FOR RELEASE: 2:00 PM MDT, June 6, 2002


Images of the far side and interior of the Sun obtained from a network of solar telescopes were presented today at the American Astronomical Society meeting in Albuquerque, New Mexico, by Douglas Braun of NorthWest Research Associates Inc. in Boulder, Colorado, and Charles Lindsey of the Solar Physics Research Corp. in Tucson, Arizona.

The achievement marks the first time that Earth-based observations have been used to image the solar far side. Scientists will use the new capability to develop better tools to predict solar storms.

Groups of sunspots, or "active regions", are sometimes the source of solar eruptions which can disrupt communications and electrical power transmission and pose hazards to astronauts. "We now have a new source of data to help forecast active regions up to two weeks before the Sun rotates them into our direction," said Braun.

The images were obtained with data from the National Science Foundation's Global Oscillation Network Group (GONG), a worldwide network of telescopes which detect small vibrations of the solar surface caused by sound waves which propagate throughout the Sun. The study of these waves and their use in probing the solar interior is called "helioseismology". GONG has been operating since 1995 but recently underwent a major enhancement with the installation of new high-resolution detectors. "We're getting our first close look at what the improved network, which we now call `GONG+' is capable of seeing," says John Leibacher who is the GONG Project Director at the National Solar Observatory in Tucson.

For the past two years, the technique of "helioseismic holography" pioneered by Lindsey and Braun has been used to map active regions on the solar far side with data from the Michelson Doppler Imager (MDI) instrument on board the Solar and Heliospheric Observatory (SOHO). The procedure is similar to a sonar system, picking out and measuring particular sound waves emanating from the near surface of the Sun which propagate into the solar interior and bounce off the far surface before returning.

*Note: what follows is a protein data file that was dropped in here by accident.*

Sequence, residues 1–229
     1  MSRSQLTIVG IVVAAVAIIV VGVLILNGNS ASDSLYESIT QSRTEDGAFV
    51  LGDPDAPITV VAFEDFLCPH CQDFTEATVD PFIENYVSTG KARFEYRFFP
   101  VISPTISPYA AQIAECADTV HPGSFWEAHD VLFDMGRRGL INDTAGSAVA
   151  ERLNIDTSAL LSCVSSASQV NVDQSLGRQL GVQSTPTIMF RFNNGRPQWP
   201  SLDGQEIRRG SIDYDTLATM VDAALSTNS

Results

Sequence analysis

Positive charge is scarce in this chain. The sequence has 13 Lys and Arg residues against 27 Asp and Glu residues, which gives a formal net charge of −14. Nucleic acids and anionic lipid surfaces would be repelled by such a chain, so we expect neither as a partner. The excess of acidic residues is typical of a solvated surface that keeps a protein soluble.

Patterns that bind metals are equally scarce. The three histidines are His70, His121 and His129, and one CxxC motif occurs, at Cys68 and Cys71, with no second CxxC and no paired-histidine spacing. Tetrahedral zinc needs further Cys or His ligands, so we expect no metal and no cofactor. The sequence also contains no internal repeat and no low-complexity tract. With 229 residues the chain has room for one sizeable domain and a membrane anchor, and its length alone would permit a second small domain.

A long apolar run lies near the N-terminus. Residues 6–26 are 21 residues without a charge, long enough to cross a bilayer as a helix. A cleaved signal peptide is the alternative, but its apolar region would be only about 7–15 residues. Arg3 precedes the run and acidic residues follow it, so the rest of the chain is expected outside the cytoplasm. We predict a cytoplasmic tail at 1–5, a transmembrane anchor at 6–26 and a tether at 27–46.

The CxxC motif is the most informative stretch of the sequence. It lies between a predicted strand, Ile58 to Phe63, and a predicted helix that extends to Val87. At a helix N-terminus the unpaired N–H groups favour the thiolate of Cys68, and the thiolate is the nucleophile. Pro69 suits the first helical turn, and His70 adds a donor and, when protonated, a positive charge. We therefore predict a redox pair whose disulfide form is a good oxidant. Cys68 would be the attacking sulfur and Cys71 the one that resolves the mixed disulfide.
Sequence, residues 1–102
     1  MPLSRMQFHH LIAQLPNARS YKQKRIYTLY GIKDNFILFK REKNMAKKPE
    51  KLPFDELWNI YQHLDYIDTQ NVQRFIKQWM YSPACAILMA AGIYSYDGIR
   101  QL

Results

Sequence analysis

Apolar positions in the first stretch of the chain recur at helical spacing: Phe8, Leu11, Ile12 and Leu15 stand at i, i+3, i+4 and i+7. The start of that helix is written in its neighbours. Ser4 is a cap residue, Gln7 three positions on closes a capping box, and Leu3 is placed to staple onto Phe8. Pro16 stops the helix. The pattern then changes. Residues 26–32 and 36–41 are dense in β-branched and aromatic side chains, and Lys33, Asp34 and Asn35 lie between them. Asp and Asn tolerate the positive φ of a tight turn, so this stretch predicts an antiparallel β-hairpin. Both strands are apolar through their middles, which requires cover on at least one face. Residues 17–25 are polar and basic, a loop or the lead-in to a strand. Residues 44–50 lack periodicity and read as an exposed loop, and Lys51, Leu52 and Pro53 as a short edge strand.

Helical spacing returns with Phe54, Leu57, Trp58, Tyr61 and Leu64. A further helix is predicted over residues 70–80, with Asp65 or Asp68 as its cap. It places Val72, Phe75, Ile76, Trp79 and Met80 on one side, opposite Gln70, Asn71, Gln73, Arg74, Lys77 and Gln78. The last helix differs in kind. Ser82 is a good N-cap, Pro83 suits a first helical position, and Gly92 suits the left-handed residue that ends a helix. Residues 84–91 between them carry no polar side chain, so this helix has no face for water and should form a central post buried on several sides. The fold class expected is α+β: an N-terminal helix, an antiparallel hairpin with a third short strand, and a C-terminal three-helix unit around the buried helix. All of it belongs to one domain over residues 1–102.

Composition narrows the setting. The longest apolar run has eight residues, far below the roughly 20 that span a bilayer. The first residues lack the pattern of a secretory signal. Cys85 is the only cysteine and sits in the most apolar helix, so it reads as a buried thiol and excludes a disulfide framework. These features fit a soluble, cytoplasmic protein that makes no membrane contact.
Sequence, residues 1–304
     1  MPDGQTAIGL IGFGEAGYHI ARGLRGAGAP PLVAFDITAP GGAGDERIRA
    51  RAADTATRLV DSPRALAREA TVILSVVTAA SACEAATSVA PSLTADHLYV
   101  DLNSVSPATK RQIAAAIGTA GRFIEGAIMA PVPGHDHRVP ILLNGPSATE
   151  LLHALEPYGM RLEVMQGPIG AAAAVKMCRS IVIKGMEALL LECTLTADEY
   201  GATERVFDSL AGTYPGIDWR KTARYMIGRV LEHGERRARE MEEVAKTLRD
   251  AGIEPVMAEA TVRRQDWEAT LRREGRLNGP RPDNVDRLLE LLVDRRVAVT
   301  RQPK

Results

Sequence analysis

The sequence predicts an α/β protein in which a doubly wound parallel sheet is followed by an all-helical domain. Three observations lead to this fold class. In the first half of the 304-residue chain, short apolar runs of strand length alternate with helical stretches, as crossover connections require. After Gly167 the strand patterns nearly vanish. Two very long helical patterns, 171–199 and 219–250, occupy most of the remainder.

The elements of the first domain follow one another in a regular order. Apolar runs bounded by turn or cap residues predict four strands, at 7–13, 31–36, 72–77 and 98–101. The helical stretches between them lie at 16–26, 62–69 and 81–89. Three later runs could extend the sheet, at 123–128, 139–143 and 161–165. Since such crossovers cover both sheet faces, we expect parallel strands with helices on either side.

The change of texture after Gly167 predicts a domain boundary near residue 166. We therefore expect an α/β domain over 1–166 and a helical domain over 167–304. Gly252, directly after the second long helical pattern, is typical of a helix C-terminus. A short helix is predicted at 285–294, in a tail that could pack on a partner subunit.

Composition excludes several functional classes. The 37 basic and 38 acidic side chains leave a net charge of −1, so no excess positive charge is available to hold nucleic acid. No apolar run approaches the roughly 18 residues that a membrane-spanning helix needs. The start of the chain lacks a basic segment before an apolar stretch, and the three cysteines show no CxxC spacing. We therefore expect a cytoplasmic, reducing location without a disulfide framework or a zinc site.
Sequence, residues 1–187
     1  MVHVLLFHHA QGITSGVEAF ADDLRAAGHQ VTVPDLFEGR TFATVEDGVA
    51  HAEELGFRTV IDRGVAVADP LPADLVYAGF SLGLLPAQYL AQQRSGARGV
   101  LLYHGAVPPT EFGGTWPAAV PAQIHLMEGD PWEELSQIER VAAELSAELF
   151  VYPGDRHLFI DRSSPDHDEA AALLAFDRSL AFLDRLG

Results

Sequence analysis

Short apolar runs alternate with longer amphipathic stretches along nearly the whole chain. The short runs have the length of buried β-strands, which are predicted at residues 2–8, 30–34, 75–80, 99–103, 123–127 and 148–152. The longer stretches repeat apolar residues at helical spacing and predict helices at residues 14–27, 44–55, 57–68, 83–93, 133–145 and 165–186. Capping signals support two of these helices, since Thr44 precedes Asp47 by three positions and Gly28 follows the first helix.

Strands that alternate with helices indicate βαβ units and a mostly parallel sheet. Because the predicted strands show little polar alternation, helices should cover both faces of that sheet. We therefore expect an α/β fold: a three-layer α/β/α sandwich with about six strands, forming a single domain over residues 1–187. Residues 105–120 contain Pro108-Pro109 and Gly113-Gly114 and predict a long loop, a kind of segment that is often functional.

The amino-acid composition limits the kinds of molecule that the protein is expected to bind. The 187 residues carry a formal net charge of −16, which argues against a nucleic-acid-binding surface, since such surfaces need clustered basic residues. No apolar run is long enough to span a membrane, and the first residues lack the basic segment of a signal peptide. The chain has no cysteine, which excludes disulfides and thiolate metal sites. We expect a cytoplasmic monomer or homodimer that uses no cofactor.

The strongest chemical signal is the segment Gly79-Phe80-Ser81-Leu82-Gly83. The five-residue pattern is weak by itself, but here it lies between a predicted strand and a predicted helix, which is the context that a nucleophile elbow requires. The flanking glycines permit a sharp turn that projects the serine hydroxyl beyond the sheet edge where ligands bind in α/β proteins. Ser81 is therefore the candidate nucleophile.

Seismic far side images, updated daily on the MDI web site (, have been helpful to a broad variety of users ranging from solar astronomers planning upcoming observing sessions at their telescopes to amateur radio enthusiasts. All share a need for accurate predictions of solar activity which the images provide.

Scientists are developing a daily farside imaging system using GONG+ data to ensure the continuity of the active-region prediction program. A new space-based helioseismology instrument is planned for the Solar Dynamics Observer, scheduled for launch in 2007 as part of the NASA Living With a Star program. "While we expect SOHO and MDI to continue providing data until SDO is launched, the spacecraft or instrument could fail at any time," says Professor Philip Scherrer of Stanford University who is Principal Investigator of the SOHO/MDI project. "We would like to make a transition from using MDI data to using GONG+ data and these results show it is possible," Scherrer adds.

Free of the blurring effects of the Earth's atmosphere, spacecraft observations are preferable to those made with ground-based telescopes in revealing small-scale features. But Braun and Lindsey demonstrated that seismic images made of the solar far side from simultaneous MDI and GONG+ data were essentially identical. "The sound waves we observe on the near side of the Sun which are used to image the far side have very long wavelengths, " explains Lindsey. "Those waves are readily visible in GONG+ data." The GONG+ network has another property crucial for routine solar forecasting -- with six telescopes located on five continents it can observe the Sun nearly 24 hours a day.

Braun and Lindsey are also using helioseismic holography, a highly efficient and flexible tool, to look inside the solar interior to understand how active regions develop and emerge onto the surface. Today they presented the first subsurface seismic images derived from simultaneous MDI and GONG+ data. Confirming a number of earlier studies, including those made by the MDI group at Stanford, these images show that the solar interior beneath active region speeds up sound waves. They also reveal rapid subsurface outflows of gas away from sunspots. "Comparisons between GONG+ and MDI data provide a direct test of how atmospheric or instrumental noise may effect seismic images of both the farside and interior of the Sun," says Braun, adding that "the prospects of using GONG+ to directly image the deep layers of the Sun look quite favorable."

This work is supported by the Stellar Astronomy and Astrophysics Program at the National Science Foundation (NSF), and the Sun Earth Connection/Living with a Star program at the National Aeronautics and Space Administration (NASA). The GONG project is managed by the National Solar Observatory, which is operated by the Associated Universities for Research In Astronomy, Inc. under a cooperative agreement with the NSF. SOHO is a cooperative project between the European Space Agency and NASA.

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